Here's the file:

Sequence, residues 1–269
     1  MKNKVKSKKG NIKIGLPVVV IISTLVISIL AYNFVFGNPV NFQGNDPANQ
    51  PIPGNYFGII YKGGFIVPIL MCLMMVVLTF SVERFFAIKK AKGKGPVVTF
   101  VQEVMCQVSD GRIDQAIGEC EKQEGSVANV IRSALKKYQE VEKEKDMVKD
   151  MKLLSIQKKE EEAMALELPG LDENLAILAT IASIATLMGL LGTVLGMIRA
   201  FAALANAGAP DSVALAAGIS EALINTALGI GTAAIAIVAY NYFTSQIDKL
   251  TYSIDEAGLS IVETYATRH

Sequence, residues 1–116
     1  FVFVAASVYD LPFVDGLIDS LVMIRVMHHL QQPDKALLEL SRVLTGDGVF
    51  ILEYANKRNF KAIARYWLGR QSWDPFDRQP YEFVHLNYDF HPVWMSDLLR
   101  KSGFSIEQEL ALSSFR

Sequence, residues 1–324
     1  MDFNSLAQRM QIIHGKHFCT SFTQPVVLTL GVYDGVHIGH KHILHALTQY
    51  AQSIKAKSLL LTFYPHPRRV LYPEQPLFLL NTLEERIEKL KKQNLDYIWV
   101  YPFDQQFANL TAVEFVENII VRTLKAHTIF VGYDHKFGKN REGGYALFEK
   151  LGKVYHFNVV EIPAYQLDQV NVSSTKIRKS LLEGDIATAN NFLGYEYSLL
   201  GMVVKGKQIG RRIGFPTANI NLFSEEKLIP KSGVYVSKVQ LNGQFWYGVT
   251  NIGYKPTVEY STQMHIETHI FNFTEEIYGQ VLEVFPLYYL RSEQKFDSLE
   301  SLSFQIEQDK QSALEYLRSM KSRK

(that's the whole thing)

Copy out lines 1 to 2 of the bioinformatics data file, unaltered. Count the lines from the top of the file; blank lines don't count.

Sequence, residues 1–269
     1  MKNKVKSKKG NIKIGLPVVV IISTLVISIL AYNFVFGNPV NFQGNDPANQ